Taking notes from the web
There are many ways to capture and store information from the web. For example, if I go to a recipe site on the web I can use their tools to store my flies on their website. However, I vist too may sites to find this an effective method of storing recipes!…
There are many ways to capture and store information from the web. For example, if I go to a recipe site on the web I can use their tools to store my flies on their website. However, I vist too may sites to find this an effective method of storing recipes!
I can use their print button which will reformat the page to be printed. Just what the result will be can vary widely. On some sites, I can choose to have the recipe print in various sizes, with or without a picture.
Since I seek to run a paperless house, and since my Mac does such a great job of making files searchable, I might print a copy to use next to the stove, but I will print the recipe as a PDF file if I might want to use it again.
This allows me to store individual recipes, but I often want to look at many recipes if I am preparing menus and shopping lists. There are several methods that can be used to store and save recipes besides buying special recipe software..
There are several general programs that work very well for making a computer recipe book. My favorite is Circus Ponies Notebook. Although this application costs $49.95, it is a program that I use every day. I have lots of different notebooks and I really like the notebook-like interface for storing and organizing information. In fact, I own a copy for every computer in my home and regularly give it as a gift to friends and family.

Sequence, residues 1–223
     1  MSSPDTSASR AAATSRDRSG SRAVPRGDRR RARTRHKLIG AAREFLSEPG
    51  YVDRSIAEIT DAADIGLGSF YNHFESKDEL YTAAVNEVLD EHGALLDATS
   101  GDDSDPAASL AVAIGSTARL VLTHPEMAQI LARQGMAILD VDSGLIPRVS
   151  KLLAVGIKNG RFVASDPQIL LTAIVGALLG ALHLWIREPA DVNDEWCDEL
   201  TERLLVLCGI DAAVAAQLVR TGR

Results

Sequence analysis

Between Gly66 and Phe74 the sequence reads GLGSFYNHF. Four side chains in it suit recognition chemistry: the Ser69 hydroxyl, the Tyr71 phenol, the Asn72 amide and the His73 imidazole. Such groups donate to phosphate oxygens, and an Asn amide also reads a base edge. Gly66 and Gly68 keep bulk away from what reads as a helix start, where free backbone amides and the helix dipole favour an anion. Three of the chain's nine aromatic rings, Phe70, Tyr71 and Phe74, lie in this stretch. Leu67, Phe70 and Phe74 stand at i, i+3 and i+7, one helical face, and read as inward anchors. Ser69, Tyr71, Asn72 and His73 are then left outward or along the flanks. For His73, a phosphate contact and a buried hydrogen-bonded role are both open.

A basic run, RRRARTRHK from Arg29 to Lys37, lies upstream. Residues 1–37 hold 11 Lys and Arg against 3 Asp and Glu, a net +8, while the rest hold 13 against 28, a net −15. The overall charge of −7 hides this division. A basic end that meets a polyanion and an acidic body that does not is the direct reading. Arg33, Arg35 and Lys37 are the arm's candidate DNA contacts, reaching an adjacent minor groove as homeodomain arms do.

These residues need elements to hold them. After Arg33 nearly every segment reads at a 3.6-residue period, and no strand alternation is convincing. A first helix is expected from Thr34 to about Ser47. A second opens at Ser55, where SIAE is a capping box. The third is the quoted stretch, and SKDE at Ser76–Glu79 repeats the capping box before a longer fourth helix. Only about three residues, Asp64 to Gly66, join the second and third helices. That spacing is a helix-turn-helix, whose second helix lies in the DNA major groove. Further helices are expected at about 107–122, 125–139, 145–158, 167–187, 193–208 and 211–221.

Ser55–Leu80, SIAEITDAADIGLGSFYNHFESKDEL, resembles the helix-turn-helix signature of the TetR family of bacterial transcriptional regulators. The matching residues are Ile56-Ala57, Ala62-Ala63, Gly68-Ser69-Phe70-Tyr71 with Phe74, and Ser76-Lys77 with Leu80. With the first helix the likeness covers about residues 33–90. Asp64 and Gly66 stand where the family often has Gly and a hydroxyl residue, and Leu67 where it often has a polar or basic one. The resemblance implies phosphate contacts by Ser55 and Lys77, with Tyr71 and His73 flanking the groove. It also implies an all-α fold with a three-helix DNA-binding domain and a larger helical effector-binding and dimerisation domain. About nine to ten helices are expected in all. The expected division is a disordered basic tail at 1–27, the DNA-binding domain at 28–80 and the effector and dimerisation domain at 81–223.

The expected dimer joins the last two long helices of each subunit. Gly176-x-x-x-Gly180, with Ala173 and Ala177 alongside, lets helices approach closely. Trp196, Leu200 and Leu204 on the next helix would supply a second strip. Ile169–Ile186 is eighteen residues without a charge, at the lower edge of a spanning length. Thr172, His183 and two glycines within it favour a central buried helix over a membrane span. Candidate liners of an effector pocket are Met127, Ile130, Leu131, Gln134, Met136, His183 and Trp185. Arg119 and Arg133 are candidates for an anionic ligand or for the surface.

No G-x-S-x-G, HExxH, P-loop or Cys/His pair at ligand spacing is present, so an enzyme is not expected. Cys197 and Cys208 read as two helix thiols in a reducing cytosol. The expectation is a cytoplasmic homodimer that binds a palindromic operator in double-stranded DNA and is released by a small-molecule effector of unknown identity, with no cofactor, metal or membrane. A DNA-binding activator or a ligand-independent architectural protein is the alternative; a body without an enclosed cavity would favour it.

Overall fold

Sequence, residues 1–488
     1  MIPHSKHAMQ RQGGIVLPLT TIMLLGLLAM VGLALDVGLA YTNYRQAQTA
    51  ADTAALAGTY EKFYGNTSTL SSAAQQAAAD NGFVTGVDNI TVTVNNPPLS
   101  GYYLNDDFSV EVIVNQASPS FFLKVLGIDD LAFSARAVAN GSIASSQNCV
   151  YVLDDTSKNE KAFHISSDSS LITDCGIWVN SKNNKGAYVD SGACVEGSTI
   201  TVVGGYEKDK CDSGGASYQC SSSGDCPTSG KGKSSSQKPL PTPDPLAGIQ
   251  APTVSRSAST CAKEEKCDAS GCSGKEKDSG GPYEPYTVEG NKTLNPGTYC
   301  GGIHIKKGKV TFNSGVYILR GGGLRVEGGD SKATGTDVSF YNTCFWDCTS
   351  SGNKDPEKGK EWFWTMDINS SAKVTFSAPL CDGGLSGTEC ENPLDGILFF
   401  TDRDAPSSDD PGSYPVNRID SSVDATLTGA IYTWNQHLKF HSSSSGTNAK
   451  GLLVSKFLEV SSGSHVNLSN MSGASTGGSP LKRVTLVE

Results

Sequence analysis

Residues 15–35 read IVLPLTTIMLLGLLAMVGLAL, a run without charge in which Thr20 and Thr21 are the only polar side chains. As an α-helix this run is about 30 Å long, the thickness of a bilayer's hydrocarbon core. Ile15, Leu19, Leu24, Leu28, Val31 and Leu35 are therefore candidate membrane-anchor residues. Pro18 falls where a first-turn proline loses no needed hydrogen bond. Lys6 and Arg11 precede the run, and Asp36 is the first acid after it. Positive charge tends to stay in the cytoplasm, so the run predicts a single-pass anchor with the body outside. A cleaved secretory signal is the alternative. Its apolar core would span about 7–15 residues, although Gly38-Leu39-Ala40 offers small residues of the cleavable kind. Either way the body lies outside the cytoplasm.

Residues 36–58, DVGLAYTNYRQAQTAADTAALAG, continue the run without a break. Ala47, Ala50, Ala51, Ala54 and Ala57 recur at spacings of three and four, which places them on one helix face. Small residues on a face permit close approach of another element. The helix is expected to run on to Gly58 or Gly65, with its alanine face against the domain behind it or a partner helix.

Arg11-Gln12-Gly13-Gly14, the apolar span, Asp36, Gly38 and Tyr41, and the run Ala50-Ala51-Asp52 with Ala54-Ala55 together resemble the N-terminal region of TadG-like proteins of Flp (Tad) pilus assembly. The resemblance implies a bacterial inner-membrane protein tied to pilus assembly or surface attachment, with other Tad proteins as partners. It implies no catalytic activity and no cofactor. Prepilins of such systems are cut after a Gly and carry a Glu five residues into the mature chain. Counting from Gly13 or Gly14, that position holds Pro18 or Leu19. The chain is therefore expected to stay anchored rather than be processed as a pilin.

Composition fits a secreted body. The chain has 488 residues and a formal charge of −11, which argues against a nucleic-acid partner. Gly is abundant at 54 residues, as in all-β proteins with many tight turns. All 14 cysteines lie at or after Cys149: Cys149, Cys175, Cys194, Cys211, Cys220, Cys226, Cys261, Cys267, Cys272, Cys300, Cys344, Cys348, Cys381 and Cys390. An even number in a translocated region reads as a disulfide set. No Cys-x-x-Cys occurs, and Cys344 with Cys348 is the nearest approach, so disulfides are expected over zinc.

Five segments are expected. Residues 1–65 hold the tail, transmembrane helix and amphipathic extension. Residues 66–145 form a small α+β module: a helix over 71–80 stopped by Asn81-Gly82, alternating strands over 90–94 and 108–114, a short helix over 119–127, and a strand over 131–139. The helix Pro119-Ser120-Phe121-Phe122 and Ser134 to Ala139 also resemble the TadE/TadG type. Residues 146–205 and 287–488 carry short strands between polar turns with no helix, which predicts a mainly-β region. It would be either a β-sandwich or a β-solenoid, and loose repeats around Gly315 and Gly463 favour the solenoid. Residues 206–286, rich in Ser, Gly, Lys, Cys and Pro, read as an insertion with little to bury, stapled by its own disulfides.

To move the information from the web to the notebook, I simply used Drag and Drop. To do this, highlight the portion of the web page that you want, then move your cursor so that it is over text, wait about one second, click and hold the mouse button or trackpad button, then drag it from the web page to the page in Notebook (or a blank document in your word processor--even TextEdit!
As you can see in the screen shot above, I highlighted the portion of the recipe I wanted and then used Drag and Drop to move the selected text (and picture) into TextEdit. I got some things I did not want (extra graphics from the web page). My results would have been better if I had used the Print page from the web site.
Another way to grab the information is to drag the highlighted text directly to your desktop. You will then have a textClipping file with an icon similar to this.
When you double click on the icon, a window similar to this will open. While you can view it, rename it, use Spotlight to search for it, and copy it to another document, you cannot print textClippings. While some people store many items as textClippings because they are so small, I tend to only use them as an intermediate step in producing some other document.
Some people have trouble getting Drag and Drop to work. Check out my next blog post to learn how to get the best results.
This entry evolved from a tutoring session that I did for one of our Doctor Mac clients at Bob LeVitus consulting. I cannot make blog entries for every tutoring session I do, and you probably don’t want to wait around for a blog entry to be published!
However, if you need help learning to do something on your Macintosh, scheduling a tutorial session might be just the thing to do! Tutoring costs $60 per hour. While I am showing you how to do something on your computer, we will be taking screen shots so that you can remember what you learned!
Give us a call at 408 627-7577 if you would like to schedule a tutoring session.